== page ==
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Yoga & Meditation

The word yoga means “to yoke” or “to unite” and that the practice of yoga helps to connect the mind, body and spirit. I first began practicing yoga to lose weight almost 20 years ago. I met my weight goal by becoming more physically active through my yoga practice. However, the enlightenment that I found along the way greatly improved my life.


There are 8 limbs, or branches, of yoga: Yama (restraints/moral values), Niyama (positive duties/observances), Asana (physical posture), Pranayama (breathing techniques), Pratyahara (sense withdrawal), Dyarana (focused concentration), Dyhana (meditation), and Samadhi (bliss).

The physical postures (asana) are only one of the eight parts of yoga and the benefits of practicing yoga extend beyond just the physical aspect.


Yamas and niyamas help us create a life that is in the flow and balanced. When we aim to integrate moral values and positive practices into our daily life, we find peace and harmony within ourselves and others. We thrive in this positive environment and find self discipline, humility, inner strength,

and a deeper spirituality.


The top physical benefit of yoga through asana practice is improvement in flexibility. Even the lowest intensity yoga class can increase flexibility through gentle stretching of muscles. Yoga is especially beneficial for individuals over the age of 65 because regular practice slows down the loss of flexibility which is a normal part of the aging process. Regular yoga asana practice improves strength, balance, cardiovascular functioning and improved posture.


Benefits of breath work (pranayama) in yoga are plentiful. Breath is the bridge between the body and the mind. When we focus on our breath, we calm our heart rate and reduce blood pressure. When our body is in a “fight or flight” state, the sympathetic nervous system is in charge. Through awareness and attention to our breathing by lengthening and deepening the breath, we restore the body back to a “rest and digest” state where the parasympathetic nervous system takes over. Pranayama can be practiced anywhere, anytime. No yoga mat needed.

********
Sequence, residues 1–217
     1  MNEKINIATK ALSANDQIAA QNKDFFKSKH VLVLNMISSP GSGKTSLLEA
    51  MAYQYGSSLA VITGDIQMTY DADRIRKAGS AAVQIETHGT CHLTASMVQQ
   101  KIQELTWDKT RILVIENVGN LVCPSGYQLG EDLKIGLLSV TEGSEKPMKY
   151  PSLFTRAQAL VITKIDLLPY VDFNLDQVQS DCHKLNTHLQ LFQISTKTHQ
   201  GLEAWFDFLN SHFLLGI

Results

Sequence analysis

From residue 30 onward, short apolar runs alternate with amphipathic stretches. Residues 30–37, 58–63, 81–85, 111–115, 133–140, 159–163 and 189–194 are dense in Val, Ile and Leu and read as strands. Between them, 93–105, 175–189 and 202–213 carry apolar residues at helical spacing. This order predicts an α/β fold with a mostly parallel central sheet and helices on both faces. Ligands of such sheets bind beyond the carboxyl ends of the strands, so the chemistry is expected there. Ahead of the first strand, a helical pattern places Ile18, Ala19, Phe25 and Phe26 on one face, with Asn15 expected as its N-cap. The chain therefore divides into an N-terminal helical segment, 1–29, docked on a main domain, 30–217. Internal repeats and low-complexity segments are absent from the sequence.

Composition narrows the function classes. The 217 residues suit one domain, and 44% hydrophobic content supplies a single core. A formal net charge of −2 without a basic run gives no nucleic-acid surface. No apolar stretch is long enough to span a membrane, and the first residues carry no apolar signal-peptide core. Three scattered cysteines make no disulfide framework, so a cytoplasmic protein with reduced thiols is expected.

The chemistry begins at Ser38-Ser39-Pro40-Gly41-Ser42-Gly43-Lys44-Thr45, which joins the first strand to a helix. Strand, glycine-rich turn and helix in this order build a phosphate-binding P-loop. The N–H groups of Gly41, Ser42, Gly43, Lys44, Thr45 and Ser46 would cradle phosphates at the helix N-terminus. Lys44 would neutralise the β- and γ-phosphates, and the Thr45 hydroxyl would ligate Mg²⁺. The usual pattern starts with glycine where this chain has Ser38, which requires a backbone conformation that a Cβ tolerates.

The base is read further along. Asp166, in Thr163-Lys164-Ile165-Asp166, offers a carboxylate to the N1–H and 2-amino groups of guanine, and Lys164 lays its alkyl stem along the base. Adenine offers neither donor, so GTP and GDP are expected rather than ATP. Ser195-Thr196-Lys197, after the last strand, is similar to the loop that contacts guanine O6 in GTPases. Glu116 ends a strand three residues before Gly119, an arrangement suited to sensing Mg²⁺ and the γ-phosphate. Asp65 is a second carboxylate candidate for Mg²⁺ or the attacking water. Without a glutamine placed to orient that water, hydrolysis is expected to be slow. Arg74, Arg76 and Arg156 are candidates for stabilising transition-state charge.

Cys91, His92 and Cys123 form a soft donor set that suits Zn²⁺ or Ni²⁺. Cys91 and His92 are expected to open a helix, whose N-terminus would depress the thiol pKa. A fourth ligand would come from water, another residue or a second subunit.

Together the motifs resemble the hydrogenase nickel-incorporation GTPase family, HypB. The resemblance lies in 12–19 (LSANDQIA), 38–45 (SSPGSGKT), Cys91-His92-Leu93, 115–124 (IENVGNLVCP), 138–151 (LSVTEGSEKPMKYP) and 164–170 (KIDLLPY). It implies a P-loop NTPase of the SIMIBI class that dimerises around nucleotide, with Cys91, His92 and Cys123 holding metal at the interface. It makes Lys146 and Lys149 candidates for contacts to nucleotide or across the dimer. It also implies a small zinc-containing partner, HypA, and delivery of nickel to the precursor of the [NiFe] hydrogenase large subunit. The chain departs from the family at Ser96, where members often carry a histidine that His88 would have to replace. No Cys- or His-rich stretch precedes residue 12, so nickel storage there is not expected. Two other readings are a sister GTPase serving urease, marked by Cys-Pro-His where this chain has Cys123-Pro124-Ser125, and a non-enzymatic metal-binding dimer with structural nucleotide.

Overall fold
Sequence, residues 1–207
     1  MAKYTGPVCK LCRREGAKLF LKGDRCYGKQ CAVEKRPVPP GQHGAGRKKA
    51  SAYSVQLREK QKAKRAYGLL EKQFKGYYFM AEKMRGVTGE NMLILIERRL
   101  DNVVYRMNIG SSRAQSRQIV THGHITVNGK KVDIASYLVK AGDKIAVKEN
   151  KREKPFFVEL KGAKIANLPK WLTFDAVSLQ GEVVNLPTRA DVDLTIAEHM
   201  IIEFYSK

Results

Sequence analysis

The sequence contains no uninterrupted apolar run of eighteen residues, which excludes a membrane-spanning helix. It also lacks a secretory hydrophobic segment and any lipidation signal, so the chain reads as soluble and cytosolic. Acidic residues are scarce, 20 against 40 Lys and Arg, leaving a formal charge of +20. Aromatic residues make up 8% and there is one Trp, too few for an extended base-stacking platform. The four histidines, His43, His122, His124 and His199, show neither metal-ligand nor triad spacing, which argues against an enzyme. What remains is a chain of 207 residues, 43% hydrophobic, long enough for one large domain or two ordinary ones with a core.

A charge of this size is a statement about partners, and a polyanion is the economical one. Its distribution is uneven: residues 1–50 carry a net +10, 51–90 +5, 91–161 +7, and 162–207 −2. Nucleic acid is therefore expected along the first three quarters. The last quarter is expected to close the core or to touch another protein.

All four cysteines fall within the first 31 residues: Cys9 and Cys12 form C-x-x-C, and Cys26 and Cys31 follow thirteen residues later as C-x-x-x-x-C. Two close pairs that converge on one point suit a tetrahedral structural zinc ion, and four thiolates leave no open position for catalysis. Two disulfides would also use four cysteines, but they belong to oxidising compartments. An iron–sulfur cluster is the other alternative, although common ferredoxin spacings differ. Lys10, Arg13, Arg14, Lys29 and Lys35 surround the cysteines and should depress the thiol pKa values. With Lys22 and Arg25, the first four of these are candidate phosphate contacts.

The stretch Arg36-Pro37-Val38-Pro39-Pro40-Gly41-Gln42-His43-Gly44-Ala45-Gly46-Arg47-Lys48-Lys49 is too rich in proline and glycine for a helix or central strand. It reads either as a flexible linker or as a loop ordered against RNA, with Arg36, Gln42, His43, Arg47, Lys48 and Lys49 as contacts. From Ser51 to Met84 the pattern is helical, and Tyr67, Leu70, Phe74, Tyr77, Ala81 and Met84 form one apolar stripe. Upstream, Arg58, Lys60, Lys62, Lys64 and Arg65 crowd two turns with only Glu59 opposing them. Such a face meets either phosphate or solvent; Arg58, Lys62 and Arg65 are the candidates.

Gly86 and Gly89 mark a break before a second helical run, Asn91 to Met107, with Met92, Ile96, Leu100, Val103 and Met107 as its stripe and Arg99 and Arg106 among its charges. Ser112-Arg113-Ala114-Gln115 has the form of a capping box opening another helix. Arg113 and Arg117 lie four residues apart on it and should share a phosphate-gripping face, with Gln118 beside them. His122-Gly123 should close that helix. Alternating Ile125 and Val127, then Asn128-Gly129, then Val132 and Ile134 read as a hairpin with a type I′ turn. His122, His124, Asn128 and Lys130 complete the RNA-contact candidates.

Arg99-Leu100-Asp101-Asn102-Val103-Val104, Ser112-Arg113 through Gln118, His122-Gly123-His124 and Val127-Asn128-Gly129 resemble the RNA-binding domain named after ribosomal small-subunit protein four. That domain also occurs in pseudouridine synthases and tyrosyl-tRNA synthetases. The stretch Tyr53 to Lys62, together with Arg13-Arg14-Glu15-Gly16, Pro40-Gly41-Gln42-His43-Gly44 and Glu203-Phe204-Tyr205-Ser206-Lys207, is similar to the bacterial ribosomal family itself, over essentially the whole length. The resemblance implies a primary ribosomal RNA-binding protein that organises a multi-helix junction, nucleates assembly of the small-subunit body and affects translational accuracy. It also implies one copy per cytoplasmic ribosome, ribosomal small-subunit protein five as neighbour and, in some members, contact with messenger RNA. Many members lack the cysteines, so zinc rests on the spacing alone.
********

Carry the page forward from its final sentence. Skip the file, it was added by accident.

Pratyahara (removal of the senses) helps to keep us focused in moment and brings our awareness within. Blocking out the noises and outer sensations that are constantly around us is not an easy task, but with practice we can learn to quiet our mind and hear our inner voice.


Dharana, dyana and samadhi are all part of meditation. Often meditation classes start by warming up with movement and then settling into stillness. The benefits of regular meditation include stress and anxiety reduction, improvement in sleep, increased self-esteem, focus, clarity, improved mental health, and heightened self awareness.


The ancient yogis developed asana practice in order to be able to sit for long periods of time in meditation. After meditation, when the mind is quiet and calm, the body will follow and everyday tasks can be accomplished with more ease and less irritation. The rest of the day just seems to flow more smoothly. Meditation can also be practiced at anytime to slow down and hit the reset button.


Everyone is capable of doing yoga and meditation, regardless of what their intentions may be. There are no requirements to get started, only a willingness and desire to make some positive lifestyle changes. The first step is to come to class and celebrate the fact that you showed up for yourself.


Teresa Jackson is Head Yoga Instructor at The Studio at Cape Carteret holds a BA in Psychology/Sociology, along with certifications in 200 hour Traditional Hatha YTT, 300 hour Yoga Psychology YTT, 95 hour Childrens YTT, Trauma Informed Yoga, Warriors at Ease, Yoga for 12 Step Recovery and Shamanic Reiki Master.


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